A key index of U.S. prices ticked higher in April, and consumer spending rebounded, a sign that inflationary pressures in the economy remain high.
The index, which the Federal Reserve closely monitors, showed that prices rose 0.4% from March to April. That was much higher than the 0.1% rise the previous month. Measured year over year, prices increased 4.4% in April, up from 4.2% in March. The year-over-year figure is down sharply from a 7% peak last June but remains far above the Fed's 2% target.
Friday's report from the government also showed that despite rising prices, consumers remain buoyant. Their spending jumped 0.8% from March to April, the biggest increase since January. Much of the increase was driven by spending on new cars, which soared 6.2%. Among other items, Americans also bought more computers, gasoline and clothing.
Despite longstanding predictions of a forthcoming recession, Friday's data underscored the U.S. economy's surprising resilience. Consumer spending, which drives most of the U.S. economy, has been bolstered by solid job gains and pay increases. The economy, which grew at a sluggish 1.3% annual rate from January through March, is projected to accelerate to a 2% pace in the current April-June quarter.
At the same time, the persistence of high inflation is complicating the Federal Reserve's interest rate decisions. Chair Jerome Powell has signaled that the Fed will likely forgo a rate hike when it meets in mid-June, after 10 straight increases in the past 14 months. But a vocal group among the Fed's 18-member interest-rate setting committee has pushed for more rate hikes later this year on the grounds that inflation isn't slowing quickly enough.
"Inflation is too sticky for the Fed to commit to an extended pause," said Michael Gapen, U.S. economist at Bank of America Securities. "Even if the Fed skips June, it will keep July in play" for a rate hike.
Among individual items, grocery prices slipped 0.1% in April, a second straight decline. By contrast, gas and other energy costs jumped 2.4%.
Fed officials particularly watch a category of prices called core inflation, which excludes volatile energy and food costs and is considered a better gauge of underlying inflation. Core prices rose 0.4% from March to April, the same as in the previous month, and 4.7% from 12 months earlier. The year-over-year core inflation figure has changed little since it first touched 4.6% in December.
Some economists foresee inflation easing in the coming months. Omair Sharif, founder of Inflation Insights, noted that a few pricing quirks fueled April's bigger-than-expected rise in core prices and said he believed they won't likely persist. Legal services, for example, skyrocketed 3.8% from March to April. That was the sharpest such monthly jump on records dating to 1959.
Though used car prices jumped 4.7% last month, Sharif noted that measures of wholesale used car costs are declining and suggested that they will help slow overall inflation by June.
"This is kind of the storm before the calm," he said.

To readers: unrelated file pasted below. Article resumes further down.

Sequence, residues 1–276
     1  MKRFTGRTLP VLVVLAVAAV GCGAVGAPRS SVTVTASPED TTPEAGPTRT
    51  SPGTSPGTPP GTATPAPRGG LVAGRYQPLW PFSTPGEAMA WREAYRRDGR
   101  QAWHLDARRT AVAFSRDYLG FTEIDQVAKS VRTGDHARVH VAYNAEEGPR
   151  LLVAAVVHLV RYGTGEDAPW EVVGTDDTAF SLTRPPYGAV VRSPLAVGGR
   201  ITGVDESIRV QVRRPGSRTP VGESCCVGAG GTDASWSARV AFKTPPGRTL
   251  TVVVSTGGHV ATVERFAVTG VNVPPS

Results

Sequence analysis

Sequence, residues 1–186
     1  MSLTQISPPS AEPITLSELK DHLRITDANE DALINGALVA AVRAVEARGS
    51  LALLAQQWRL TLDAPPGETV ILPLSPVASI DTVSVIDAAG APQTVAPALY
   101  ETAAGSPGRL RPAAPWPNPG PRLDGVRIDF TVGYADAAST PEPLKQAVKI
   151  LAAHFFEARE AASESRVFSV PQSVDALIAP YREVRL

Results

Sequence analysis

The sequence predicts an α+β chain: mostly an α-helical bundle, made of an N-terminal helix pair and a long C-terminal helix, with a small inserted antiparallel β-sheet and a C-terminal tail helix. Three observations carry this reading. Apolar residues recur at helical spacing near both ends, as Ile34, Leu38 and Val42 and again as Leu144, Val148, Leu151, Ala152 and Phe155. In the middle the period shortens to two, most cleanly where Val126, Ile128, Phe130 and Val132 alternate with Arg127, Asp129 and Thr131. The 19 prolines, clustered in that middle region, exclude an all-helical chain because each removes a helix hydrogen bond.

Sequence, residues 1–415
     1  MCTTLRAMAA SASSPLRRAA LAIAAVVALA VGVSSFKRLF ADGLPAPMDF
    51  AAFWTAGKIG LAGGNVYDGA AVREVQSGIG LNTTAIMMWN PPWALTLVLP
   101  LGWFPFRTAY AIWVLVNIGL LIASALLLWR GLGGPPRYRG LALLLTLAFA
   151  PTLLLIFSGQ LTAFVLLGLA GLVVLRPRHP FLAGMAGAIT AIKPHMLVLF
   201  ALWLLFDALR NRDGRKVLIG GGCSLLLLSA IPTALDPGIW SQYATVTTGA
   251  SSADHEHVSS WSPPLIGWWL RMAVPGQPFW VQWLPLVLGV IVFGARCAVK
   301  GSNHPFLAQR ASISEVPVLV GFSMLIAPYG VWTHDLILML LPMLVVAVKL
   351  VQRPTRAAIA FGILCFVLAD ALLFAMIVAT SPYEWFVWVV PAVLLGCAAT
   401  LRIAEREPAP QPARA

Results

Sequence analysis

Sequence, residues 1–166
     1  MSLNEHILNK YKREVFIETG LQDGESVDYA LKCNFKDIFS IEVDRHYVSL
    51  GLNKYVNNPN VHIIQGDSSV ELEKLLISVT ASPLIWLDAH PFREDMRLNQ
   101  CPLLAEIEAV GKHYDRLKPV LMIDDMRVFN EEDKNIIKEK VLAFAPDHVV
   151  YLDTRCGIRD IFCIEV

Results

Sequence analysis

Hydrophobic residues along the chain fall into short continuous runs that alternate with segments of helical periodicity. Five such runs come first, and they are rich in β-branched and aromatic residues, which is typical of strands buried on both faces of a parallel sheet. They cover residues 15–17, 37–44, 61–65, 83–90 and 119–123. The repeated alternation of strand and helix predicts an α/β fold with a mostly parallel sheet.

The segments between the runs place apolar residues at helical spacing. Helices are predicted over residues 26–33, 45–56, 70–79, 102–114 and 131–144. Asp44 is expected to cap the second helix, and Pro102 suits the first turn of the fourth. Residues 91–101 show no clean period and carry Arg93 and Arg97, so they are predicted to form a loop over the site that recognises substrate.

Another sign that the economy remains solid came in a separate report Friday. It showed that a measure of businesses' investment in durable factory goods jumped 1.4% in April — evidence that companies have continued to spend despite higher inflation and borrowing costs given still-steady consumer demand.
The inflation gauge that was issued Friday, called the personal consumption expenditures price index, is separate from the government's better-known consumer price index. The government reported earlier this month that the CPI rose 4.9% in April from 12 months earlier.
The two indexes differ in several ways. Rents carry twice the weight in the CPI that they do in the PCE. And the PCE index seeks to account for changes in how people shop when inflation jumps, such as when they shift from pricey national brands in favor of cheaper store brands.
The latest inflation figures arrive as Fed officials are noisily debating their next steps. Several policymakers have said they favor raising rates even higher in the coming months. But most Fed watchers expect the central bank to forgo another hike at its next meeting in mid-June.
Powell said last week that after raising its benchmark rate to a 16-year high of about 5.1%, Fed officials can afford to wait and see how those increases have affected the economy. It can take a year or more for rate hikes to significantly slow the job market and the overall economy.
The Fed's ultimate goal is to make borrowing costlier for consumers and businesses and thereby reduce spending, growth and inflation. Its rate increases have led to a more than doubling of mortgage rates and elevated the costs of auto loans, credit card borrowing and business loans. They have also heightened the risk of a recession, which most economists predict will begin sometime this year.
Inflation is a big reason why millions of Americans have expressed a gloomy outlook about the economy, even though the unemployment rate is at a half-century low of 3.4% and many workers have received solid pay gains.
Yet a Federal Reserve report this week found that, on average, inflation has outstripped those wage increases and left many people worse off. At the end of last year, just below three-quarters of Americans said they were "doing OK" financially or living comfortably. That marked a drop of 5 percentage points from the previous year and was among the lowest such levels measured since the survey began in 2016.